The notion that "they never come back" is usually reserved for boxers, prompted by the 1932 Fred Newmeyer movie of that name. Yesterday morning one of racing's undisputed champeens continued his quest to refute the notion, with a more than satisfactory workout ahead of his bout at Gowran Park on Saturday. Kicking King, the 2005 Gold Cup winner, wants to be a contender again.
The 10-year-old damaged a tendon in the process of winning his second King George VI Chase nine months after his Cheltenham crown. Given time, patience and the best of treatment, he made a tremendous return to the fray last month, beating all bar Nickname after an absence of 759 days.
And one of the first of the cornermen to receive the plaudits of trainer Tom Taaffe was vet Jimmy Kelly, who devised and acted on the programme of treatment that has – touching the contents of an Ikea warehouse – had such a satisfactory outcome.
Kelly has a small mixed practice at Naas, not far from the Taaffe yard at Straffan. "It's always great when you get them right again," he said, "because so many times it doesn't happen. But Kicking King was an excellent patient. The ones that tend to jump around don't help themselves, but he couldn't have been better. He's a lovely horse, very intelligent and good-natured, with a big heart."
The injury to the Old Vic gelding's left foreleg occurred high on the tendon, just below the knee, a site which offers the best prognosis. "We had a controlled-exercise regime from day one," said Kelly. "We try not to stand them in, but get them out of the box as soon as possible; if you keep them moving you don't get so many adhesions. He was walking within 10 days, in hand and then on the walker."
In more than 40 years of veterinary work, Kelly has been there, seen most, including the best horse trained by Taaffe's father, Pat, the brilliant, impetuous Captain Christy. The winner of the 1974 Gold Cup, he damaged his off-fore at exercise after taking the 1976 King George. "He was one who didn't come back," he said.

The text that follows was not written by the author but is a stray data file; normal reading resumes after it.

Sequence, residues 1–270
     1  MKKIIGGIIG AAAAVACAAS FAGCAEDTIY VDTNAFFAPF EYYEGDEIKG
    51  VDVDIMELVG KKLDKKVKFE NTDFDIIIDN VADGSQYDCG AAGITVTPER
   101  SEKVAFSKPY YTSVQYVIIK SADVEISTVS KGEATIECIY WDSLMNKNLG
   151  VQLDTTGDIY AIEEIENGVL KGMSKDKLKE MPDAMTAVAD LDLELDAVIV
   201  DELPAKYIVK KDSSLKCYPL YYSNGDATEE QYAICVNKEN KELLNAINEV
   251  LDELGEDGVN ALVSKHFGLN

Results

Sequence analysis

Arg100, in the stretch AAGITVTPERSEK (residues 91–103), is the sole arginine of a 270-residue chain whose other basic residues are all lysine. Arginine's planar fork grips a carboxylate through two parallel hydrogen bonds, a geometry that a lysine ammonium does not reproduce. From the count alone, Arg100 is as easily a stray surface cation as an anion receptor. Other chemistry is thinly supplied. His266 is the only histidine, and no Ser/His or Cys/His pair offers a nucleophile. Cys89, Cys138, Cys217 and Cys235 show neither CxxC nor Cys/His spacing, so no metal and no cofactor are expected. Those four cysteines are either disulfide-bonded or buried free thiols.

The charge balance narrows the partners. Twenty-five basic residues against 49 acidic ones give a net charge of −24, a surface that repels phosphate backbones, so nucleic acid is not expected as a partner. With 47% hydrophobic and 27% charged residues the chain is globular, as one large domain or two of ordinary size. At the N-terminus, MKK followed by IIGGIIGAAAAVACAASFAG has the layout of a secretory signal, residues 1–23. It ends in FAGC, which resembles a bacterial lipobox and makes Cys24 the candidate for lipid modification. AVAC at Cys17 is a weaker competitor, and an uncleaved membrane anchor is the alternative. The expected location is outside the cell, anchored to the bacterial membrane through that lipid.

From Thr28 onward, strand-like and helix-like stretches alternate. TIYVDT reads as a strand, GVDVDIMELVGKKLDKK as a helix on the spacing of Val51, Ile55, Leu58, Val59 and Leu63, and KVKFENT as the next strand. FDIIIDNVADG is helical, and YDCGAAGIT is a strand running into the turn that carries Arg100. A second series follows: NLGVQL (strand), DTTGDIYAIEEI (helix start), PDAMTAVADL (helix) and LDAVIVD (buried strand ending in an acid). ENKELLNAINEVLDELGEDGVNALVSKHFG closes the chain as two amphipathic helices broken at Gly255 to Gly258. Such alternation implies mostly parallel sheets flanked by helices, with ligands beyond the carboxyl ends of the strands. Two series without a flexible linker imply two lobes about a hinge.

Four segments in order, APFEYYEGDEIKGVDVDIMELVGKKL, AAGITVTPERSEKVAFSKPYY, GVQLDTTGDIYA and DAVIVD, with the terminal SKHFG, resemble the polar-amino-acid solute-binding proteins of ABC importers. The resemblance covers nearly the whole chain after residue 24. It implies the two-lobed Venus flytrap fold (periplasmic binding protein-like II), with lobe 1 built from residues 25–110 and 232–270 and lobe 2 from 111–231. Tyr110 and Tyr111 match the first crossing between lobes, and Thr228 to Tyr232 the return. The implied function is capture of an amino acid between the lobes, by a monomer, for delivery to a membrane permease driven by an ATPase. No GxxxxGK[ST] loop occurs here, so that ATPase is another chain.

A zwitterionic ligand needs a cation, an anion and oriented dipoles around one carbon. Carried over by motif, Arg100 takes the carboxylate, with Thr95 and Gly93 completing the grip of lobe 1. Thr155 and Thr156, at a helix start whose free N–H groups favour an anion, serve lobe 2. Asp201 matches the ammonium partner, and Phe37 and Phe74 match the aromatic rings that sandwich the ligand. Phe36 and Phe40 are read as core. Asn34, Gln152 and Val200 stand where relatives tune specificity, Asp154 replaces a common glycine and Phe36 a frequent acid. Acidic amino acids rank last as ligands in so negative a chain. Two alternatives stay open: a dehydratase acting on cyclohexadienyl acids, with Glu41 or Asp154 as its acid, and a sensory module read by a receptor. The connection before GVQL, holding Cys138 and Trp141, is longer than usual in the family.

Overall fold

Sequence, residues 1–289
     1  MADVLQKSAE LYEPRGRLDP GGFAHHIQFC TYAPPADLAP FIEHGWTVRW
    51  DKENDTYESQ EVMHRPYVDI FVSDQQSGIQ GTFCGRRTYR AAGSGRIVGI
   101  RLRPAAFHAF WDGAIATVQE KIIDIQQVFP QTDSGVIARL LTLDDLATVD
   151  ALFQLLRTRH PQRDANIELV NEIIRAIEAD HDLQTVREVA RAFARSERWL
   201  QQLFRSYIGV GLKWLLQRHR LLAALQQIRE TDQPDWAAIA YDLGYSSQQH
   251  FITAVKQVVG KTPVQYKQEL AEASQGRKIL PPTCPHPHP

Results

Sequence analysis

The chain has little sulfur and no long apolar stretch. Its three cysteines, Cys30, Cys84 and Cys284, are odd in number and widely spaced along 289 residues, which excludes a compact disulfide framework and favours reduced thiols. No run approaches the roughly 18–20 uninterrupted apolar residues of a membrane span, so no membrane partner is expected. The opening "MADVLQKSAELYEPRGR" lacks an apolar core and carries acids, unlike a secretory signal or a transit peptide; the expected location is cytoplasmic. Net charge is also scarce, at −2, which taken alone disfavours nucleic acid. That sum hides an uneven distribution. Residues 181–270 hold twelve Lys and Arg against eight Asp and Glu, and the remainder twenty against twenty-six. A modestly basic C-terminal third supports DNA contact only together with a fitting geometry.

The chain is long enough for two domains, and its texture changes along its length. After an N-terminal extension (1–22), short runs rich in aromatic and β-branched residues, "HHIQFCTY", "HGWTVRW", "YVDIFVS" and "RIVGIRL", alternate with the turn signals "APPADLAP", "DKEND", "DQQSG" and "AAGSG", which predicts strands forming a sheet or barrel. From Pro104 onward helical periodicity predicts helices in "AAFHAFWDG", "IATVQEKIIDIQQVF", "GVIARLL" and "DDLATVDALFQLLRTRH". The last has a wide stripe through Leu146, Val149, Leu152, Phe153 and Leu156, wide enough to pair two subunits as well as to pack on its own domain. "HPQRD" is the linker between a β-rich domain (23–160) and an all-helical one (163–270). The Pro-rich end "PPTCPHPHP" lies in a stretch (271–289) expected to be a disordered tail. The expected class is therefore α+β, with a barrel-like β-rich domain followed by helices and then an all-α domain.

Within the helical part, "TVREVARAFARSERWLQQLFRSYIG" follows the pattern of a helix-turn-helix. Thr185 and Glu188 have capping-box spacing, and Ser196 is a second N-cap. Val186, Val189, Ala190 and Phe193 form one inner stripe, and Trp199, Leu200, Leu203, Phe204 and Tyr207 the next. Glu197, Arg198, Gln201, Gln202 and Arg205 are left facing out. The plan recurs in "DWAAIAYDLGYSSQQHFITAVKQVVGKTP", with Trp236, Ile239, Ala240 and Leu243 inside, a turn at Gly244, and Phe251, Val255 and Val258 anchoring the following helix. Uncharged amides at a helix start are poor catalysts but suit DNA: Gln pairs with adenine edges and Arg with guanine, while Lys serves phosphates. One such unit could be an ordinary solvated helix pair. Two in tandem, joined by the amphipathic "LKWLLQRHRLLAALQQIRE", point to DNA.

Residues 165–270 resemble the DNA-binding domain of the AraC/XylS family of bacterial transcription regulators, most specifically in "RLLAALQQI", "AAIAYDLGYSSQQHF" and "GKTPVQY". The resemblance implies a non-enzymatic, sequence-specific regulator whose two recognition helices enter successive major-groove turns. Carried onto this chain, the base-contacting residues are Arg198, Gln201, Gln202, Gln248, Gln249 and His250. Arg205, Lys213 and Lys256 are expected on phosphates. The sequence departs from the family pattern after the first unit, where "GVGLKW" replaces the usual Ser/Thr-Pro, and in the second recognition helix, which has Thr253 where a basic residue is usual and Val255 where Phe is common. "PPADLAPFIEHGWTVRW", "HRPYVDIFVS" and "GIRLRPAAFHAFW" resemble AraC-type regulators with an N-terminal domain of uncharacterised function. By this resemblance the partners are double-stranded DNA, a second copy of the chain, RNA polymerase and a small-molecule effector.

Kelly deflected praise to Taaffe and the team at Portree Stables. "I didn't do anything any different to most vets," he said, "but it's a huge help when the guys you're doing the work for are proper horsemen and do what they're asked to do."
Taaffe took up that theme. "It was a concerted effort," he said yesterday. "Everyone has had a part to play, and without each one it wouldn't have been possible."
By Saturday, it will be 23 days since Kicking King's reappearance. Taaffe's first task this morning will be to run an anxious hand down that precious foreleg, checking for signs of heat. "It's something that you're always conscious of now," he said, "it will never go away. His work this morning went well, thank God."
Taaffe resisted any temptation to run Conor Clarkson's colourbearer in the Hennessy Gold Cup won by The Listener on Sunday. "He would have had only two and a half weeks between if he had run, and after such a long lay-off we thought it better to wait. The conditions for the Red Mills are ideal, so we're looking forward to it."
Should Kicking King come through the test, the gloves will be off for Cheltenham. It should not be forgotten that like Kauto Star, he has won a Gold Cup and two King Georges, and his peak rating of 182 with Timeform puts him among the elite.
Nothing would please Kelly better than to go to Cheltenham with his famous patient, but he is not tempting fate. "The leg seem super now," he said, "but you have to remember that when his leg was perfect, it went. And he's now running on a remould."
Kicking King's rivals in Saturday's two-and-a-half mile contest will be headed by the talented pair Hi Cloy, who bounced back to winning ways at Thurles last month, and Justified, who beat One Cool Cookie over the course and distance in October. Both horses have the Ryanair Chase at Cheltenham as their target.
Justified is another on the right side of the fine injury line, running for the first time since picking up a minor knock at Clonmel the following month, and also holds an entry over hurdles on Saturday. "He's very well-in in the hurdle," said trainer Dusty Sheehy, "so we've had to consider it. But I'm leaning towards the chase. But whatever, we're just glad to have the horse back to himself."Reuse content